Djokovic judges share reasons for deportation with visa fiasco not blamed

The three judges who ruled to deport Novak Djokovic have disclosed the reasons for doing so citing that the tennis star "might foster anti-vaccination sentiment".

The world number one was sent home just one day before the Australian Open was due to begin following a dramatic saga.

After being detained on two separate occasions, the country’s Federal Court decided the Serbian’s fate after Immigration Minister Alex Hawke's decision to revoke Djokovic's visa a second time.

They highlighted his influence as an iconic tennis star on people of all ages in their reasonings, which have now been made public.

One of the grounds on which Djokovic appealed was that it was unreasonable to portray him as being opposed to the Covid-19 vaccine.

But the judges disagreed, saying: “It was plainly open to the minister to infer that Mr Djokovic had chosen not to be vaccinated because he was opposed to vaccination or did not wish to be vaccinated.

“It was also open to the minister to infer that the public would view his attitude as the media had portrayed: that he was unwilling to be vaccinated.”

Immigration Minister Alex Hawke opted to cancel the 34-year-old’s visa for the second time on 'health and good order grounds'.

Djokovic’s legal team argued there was no evidence for such a view, but the judges replied: “An iconic world tennis star may influence people of all ages, young or old, but perhaps especially the young and the impressionable, to emulate him.

“This is not fanciful; it does not need evidence.

“Even if Mr Djokovic did not win the Australian Open, the capacity of his presence in Australia playing tennis to encourage those who would emulate or wish to be like him is a rational foundation for the view that he might foster anti-vaccination sentiment.”

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The court did rule that Hawke exercised his power regarding the tennis legend’s visa without being ordered to do so.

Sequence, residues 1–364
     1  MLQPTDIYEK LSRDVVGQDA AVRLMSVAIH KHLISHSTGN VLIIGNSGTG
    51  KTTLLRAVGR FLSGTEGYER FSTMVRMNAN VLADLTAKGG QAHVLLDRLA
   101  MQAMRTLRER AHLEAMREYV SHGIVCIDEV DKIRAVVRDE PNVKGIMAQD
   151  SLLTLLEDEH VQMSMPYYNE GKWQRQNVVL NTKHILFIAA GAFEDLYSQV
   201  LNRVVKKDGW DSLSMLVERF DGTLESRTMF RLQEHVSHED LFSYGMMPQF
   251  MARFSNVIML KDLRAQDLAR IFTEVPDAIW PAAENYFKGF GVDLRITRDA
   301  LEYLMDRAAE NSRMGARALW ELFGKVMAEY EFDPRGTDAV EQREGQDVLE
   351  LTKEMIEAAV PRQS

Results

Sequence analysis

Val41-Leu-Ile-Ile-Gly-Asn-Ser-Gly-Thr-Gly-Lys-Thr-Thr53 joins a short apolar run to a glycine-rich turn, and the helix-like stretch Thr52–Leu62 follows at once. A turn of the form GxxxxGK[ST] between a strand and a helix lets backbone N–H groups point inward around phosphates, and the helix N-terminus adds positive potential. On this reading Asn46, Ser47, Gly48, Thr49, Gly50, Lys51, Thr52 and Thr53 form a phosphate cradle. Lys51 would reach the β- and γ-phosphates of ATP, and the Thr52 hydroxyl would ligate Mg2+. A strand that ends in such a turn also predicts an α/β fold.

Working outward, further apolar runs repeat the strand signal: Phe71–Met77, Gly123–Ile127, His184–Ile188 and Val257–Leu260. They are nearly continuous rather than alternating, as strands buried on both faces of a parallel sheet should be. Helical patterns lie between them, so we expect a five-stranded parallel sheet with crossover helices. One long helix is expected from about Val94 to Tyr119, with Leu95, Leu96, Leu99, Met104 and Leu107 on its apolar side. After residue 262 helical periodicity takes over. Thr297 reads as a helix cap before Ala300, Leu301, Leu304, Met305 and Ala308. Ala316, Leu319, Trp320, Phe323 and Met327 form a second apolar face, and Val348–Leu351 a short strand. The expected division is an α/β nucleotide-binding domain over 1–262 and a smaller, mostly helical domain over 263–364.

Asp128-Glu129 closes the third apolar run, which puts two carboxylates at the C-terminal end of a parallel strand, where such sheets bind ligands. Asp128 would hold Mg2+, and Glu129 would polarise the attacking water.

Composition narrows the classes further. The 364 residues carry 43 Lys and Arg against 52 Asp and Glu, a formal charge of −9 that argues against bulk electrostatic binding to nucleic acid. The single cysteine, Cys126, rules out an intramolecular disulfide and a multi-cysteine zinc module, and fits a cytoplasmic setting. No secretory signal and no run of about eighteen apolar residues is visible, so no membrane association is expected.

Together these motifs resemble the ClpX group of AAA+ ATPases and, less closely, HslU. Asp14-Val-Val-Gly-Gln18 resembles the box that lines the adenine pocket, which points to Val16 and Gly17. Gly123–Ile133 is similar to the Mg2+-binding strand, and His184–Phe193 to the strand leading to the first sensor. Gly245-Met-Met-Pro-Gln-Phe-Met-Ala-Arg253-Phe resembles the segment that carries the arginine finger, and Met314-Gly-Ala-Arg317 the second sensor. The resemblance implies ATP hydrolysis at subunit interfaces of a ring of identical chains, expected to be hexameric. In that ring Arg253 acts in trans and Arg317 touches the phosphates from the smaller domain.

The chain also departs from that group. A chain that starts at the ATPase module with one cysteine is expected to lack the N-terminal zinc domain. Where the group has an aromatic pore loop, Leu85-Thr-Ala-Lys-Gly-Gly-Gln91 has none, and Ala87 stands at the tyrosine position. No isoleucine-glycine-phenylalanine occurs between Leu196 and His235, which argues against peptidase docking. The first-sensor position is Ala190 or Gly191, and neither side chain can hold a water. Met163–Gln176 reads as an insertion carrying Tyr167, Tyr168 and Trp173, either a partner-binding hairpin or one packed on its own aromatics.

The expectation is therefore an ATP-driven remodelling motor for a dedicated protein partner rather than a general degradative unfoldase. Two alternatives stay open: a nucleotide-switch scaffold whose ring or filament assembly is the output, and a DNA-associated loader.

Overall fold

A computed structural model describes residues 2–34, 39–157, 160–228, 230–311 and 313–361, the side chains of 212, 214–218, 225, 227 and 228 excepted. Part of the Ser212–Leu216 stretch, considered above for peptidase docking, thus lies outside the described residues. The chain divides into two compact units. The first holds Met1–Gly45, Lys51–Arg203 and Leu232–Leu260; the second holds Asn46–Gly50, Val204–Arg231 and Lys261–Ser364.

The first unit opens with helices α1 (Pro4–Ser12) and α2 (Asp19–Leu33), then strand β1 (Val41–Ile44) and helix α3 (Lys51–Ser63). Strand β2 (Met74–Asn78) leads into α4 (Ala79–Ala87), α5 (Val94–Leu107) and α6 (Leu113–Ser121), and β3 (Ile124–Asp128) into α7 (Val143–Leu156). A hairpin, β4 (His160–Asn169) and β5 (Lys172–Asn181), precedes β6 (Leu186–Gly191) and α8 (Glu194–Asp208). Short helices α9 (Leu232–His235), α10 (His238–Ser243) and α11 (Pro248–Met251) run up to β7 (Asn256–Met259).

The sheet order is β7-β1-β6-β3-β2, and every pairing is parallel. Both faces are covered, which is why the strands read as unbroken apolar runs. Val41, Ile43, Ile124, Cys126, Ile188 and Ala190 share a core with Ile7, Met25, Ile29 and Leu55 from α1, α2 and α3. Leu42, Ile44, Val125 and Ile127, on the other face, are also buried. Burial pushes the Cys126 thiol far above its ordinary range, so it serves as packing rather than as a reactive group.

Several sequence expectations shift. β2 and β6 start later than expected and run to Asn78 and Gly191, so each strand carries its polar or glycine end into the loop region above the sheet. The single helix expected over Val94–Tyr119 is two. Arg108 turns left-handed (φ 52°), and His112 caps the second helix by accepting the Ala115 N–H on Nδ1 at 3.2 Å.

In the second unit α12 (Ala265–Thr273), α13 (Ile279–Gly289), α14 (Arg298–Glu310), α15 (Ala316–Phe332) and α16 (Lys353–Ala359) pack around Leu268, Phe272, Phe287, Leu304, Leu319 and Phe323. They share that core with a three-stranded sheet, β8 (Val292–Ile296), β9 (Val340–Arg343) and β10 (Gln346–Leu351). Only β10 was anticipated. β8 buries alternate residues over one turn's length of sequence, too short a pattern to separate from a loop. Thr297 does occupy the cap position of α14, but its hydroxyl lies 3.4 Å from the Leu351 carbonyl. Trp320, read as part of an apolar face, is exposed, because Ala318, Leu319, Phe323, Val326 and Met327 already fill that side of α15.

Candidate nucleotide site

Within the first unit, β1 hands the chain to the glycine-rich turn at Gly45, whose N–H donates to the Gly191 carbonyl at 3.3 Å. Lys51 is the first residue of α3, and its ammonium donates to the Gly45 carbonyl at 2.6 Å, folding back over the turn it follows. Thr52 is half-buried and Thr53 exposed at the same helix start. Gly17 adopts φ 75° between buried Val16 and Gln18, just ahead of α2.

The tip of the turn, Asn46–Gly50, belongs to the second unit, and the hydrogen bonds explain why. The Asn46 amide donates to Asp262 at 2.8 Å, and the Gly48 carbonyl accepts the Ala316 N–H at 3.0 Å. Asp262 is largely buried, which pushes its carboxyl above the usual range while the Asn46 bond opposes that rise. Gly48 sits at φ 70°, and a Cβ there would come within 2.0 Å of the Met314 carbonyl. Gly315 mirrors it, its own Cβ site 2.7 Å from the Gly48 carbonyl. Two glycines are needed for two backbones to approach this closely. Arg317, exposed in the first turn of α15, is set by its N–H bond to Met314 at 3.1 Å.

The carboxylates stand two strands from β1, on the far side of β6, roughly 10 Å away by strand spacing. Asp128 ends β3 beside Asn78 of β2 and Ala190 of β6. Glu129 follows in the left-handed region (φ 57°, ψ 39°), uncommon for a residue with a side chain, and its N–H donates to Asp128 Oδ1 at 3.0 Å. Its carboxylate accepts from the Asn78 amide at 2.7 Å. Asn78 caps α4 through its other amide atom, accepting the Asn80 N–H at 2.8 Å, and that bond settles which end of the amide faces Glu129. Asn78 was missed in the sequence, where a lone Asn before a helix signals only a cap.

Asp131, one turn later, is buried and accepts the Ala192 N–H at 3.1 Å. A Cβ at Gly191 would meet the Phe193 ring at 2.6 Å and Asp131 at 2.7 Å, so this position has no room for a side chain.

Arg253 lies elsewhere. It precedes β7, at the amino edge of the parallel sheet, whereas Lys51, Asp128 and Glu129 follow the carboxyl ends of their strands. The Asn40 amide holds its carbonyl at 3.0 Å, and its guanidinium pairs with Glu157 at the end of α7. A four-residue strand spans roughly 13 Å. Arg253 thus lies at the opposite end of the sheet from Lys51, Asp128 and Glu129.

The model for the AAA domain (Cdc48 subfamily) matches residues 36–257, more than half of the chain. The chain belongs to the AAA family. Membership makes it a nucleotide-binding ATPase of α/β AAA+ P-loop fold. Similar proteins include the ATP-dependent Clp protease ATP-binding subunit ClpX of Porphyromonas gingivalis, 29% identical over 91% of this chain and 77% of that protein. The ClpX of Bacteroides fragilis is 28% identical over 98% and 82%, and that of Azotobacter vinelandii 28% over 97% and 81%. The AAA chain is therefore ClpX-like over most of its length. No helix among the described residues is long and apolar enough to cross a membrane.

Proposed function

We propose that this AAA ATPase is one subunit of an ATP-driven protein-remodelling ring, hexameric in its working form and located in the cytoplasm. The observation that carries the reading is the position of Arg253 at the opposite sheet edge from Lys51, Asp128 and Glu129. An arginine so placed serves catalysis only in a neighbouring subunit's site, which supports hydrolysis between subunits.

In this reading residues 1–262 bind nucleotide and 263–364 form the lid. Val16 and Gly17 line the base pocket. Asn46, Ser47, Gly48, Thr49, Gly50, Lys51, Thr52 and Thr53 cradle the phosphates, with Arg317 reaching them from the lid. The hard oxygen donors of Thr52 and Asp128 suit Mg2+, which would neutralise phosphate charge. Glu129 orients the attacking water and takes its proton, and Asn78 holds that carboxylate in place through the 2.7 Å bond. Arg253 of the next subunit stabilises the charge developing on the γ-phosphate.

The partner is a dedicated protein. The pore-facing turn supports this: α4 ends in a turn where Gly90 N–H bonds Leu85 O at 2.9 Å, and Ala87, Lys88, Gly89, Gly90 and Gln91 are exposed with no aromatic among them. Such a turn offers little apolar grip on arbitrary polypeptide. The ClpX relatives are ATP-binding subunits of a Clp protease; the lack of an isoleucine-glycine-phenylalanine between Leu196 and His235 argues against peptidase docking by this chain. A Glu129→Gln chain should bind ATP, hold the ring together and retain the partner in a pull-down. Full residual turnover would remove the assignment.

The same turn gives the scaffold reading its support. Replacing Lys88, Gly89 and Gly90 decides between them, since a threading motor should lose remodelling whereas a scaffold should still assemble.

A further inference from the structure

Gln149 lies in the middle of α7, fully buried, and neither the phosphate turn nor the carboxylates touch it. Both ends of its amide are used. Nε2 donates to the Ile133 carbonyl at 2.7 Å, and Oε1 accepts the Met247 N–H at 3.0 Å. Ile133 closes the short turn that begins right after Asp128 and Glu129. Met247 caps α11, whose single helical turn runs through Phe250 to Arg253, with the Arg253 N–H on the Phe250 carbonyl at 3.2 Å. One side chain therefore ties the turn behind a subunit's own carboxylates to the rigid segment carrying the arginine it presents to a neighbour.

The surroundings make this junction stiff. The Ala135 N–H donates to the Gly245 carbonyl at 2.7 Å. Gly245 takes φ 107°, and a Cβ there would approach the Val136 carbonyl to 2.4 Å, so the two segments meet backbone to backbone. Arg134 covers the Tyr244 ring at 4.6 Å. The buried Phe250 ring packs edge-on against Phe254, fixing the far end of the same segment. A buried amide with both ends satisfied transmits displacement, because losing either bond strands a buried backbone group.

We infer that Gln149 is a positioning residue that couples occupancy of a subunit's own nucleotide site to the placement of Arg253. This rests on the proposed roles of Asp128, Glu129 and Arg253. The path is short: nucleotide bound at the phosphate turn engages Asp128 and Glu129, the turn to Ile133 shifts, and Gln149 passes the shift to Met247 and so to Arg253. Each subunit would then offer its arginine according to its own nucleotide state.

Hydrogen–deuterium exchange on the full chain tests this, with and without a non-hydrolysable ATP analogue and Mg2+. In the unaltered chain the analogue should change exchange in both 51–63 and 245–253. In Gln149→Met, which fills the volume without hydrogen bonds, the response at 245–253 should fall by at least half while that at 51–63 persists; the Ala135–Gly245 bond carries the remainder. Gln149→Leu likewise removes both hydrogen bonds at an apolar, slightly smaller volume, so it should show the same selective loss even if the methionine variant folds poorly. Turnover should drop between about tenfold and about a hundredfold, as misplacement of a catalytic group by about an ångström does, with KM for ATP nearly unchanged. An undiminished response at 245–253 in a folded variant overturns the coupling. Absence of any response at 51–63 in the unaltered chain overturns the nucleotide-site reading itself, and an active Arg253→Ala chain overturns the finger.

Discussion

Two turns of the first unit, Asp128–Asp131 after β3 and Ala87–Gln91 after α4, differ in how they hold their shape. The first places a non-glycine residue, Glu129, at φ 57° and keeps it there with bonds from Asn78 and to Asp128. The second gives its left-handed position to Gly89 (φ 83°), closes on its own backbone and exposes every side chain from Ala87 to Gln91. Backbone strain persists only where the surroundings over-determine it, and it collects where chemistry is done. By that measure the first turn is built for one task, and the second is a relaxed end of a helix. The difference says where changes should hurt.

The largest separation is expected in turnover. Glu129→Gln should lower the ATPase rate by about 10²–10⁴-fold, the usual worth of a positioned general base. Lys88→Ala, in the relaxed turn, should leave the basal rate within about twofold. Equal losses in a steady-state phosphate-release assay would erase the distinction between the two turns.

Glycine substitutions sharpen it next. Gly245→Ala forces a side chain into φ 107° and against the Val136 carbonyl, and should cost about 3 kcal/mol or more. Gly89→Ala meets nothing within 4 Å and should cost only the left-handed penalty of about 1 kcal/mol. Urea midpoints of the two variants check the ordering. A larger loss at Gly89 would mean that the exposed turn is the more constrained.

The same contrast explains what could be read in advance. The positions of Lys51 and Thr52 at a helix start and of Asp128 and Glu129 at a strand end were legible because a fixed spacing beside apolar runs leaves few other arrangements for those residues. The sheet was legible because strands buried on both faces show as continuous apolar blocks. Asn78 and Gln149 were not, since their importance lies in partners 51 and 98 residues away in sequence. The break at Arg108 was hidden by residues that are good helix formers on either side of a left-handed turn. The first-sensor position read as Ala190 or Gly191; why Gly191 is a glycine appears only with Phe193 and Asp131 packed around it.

“There was no requirement upon the minister in exercising his powers… to afford Mr Djokovic natural justice,” said the judges.

“Another person in the position of the minister may have not cancelled Mr Djokovic’s visa. The minister did.”

The Director of the Australian Open Craig Tiley, denied suggestions he paid the Serbian’s legal and travel costs.

“I have seen those reports today and we don’t really go into the detail of any financial arrangements that we have with the players but those reports are simply untrue,” he said.

As well as Djokovic himself, blame has been laid at the door of Tennis Australia for their role in the fiasco.

The governing body secured exemptions from the Victorian Government for unvaccinated individuals to enter Australia, only for at least four individuals to end up being sent home, leading for calls for Tiley to leave his post.

When asked if he would resign, the 60-year-old added defiantly: “No. We’ve put a statement out recently and I’m very focused today delivering a great event.

“I’m proud of what the team has done and proud of what we’ve delivered so far. We’ve had four days of unbelievable tennis and great entertainment and we will continue to have that for the next 10 days.”

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